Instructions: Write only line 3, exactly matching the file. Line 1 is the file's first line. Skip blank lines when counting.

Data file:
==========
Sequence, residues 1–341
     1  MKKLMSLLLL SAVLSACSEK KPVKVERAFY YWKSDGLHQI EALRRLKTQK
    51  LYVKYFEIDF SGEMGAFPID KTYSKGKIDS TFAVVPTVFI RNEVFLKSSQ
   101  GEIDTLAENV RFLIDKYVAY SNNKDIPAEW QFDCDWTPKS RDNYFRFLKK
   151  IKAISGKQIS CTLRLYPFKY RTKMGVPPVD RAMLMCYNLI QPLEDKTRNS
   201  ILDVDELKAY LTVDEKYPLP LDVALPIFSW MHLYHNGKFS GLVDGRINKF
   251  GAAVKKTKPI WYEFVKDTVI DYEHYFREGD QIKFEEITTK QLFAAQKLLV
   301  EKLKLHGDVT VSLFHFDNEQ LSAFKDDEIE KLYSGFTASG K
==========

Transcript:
    51  LYVKYFEIDF SGEMGAFPID KTYSKGKIDS TFAVVPTVFI RNEVFLKSSQ